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Specializing in student health

Physician assistant graduate makes career at University Health Center


 

By: Brittany Bell
Creative Services Student Writer

Jessica Sampson

Jessica Sampson (’14) graduated with a master’s degree in physician assistant studies. After working in the emergency room of Sentara RMH for three years, she accepted a position at the JMU Health Center this past January.

After being introduced to the concept of physician assistants while still in high school, Sampson felt the career might be a good fit for her. She attained her undergraduate degree at Shenandoah University in Winchester, Virginia, but decided to pursue graduate studies in the physician assistant program at JMU. She says, “Harrisonburg is home for me, I grew up in Augusta County, so coming to JMU for the PA program was coming home.”

According to Sampson, JMU prepared her well for her career. “The classroom-based portion of the program along with rotations certainly set me up for success,” Sampson said. “The majority of the time on rotations, they let you take the reins; you’re in there, you’re the one doing the work.” The 10 required one-month rotations gave her hands-on experience and helped her see every type of practice that a physician assistant can fulfill within the profession.

During these clinical rotations, Sampson was exposed to various specialties such as surgery, OBGYN, and family practice. After doing a rotation in the emergency room at Sentara RMH, she felt that the location and specialization was a good fit for her. Rather than exploring other practices, she chose her additional rotations to be in family practice so that she could continue focusing on general medicine.

After passing her national certification exam (PANCE), Sampson accepted a job offer from the Sentara RMH ER. Three years later after having a child, she decided to reevaluate her situation and find a job that would provide a better work-life balance. When the university position opened, she left the ER and returned to JMU.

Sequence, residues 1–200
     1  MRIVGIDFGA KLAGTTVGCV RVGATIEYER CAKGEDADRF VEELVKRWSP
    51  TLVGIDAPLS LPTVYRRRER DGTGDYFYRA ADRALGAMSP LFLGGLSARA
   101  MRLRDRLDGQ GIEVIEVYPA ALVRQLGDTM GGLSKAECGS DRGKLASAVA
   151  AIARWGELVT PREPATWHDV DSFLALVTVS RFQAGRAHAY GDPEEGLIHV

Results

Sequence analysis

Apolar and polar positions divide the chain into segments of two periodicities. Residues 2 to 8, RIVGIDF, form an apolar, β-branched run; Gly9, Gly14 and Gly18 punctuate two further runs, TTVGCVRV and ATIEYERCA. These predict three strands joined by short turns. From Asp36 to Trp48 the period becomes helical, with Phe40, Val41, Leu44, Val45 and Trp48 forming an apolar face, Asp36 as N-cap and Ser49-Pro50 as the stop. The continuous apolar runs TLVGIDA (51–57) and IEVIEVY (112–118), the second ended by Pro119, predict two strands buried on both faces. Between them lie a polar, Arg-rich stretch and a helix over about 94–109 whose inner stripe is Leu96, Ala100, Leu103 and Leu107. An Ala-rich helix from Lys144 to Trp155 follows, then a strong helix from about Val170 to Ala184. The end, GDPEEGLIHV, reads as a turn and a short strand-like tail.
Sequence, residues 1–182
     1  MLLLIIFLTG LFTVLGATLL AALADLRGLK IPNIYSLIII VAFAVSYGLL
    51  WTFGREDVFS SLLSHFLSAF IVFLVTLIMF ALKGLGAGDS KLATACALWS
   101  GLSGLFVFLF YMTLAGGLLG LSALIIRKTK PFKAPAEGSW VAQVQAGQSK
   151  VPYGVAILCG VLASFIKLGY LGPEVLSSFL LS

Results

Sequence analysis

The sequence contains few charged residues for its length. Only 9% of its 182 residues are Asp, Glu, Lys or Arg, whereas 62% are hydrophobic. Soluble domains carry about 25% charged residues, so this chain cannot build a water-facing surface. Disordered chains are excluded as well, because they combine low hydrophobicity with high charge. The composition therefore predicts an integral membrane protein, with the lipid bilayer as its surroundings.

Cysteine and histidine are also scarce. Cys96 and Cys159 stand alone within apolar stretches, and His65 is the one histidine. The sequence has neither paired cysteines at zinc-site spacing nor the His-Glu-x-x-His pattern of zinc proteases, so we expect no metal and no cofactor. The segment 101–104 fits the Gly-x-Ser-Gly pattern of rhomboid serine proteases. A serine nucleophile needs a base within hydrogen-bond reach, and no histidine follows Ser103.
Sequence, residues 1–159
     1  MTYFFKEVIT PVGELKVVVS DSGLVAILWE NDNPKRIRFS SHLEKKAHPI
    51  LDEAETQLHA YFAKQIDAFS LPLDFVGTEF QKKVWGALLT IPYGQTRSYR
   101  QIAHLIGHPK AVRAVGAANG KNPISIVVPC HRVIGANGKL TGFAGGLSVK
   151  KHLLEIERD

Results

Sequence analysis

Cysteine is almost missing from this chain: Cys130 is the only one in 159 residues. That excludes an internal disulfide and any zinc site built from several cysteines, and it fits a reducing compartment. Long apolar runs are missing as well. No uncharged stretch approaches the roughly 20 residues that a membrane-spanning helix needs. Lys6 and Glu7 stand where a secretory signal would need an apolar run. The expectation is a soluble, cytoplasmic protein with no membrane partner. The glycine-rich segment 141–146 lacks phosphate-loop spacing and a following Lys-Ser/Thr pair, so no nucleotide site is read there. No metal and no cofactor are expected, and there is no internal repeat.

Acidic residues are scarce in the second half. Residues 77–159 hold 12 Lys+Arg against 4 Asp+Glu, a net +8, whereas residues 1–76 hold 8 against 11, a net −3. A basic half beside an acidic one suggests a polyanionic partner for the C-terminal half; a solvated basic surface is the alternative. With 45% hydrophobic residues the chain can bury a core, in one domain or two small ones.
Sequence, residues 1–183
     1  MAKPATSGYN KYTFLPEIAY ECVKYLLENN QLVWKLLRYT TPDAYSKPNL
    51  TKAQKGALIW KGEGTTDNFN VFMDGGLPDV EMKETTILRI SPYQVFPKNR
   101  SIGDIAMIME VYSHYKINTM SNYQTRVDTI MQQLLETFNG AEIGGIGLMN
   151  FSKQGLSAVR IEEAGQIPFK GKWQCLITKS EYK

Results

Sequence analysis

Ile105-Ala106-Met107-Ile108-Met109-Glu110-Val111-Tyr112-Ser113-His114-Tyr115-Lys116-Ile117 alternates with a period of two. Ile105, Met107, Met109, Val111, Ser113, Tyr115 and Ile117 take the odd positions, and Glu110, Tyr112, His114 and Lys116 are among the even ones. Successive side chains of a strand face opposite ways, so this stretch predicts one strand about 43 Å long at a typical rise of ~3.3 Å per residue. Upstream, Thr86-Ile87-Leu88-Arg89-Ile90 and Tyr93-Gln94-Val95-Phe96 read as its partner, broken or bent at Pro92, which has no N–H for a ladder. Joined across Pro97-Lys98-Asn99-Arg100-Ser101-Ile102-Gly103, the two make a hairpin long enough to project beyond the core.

Jessica Sampson

“I always knew I wanted to stay in general medicine and not specialize in one area, and the emergency department allowed a broad array of patient complaints and acuities,” said Sampson. “It’s the same at the center; even though you’re only seeing students, there’s still a variety of problems.”

Beyond being able to come back to her former alma mater, the family focus of the clinic was a huge draw. Currently, she splits time between the university’s urgent care and general medicine facilities.

Sampson encourages others in the field to look for PA opportunities in the Shenandoah Valley. Demand for physician assistants in the Harrisonburg medical community has grown steadily over the last five years. As the medical community has become more familiar with the profession and there’s more appreciation for the care a PA can provide. “It wasn’t too long ago that physician assistants weren’t utilized frequently in the area,” Sampson said. “I think that there will be a lot of opportunities for PAs in the area; and if you enjoy the mountains and all that come with them then it’s a great place to be.”

Published: Friday, October 5, 2018

Last Updated: Friday, October 5, 2018

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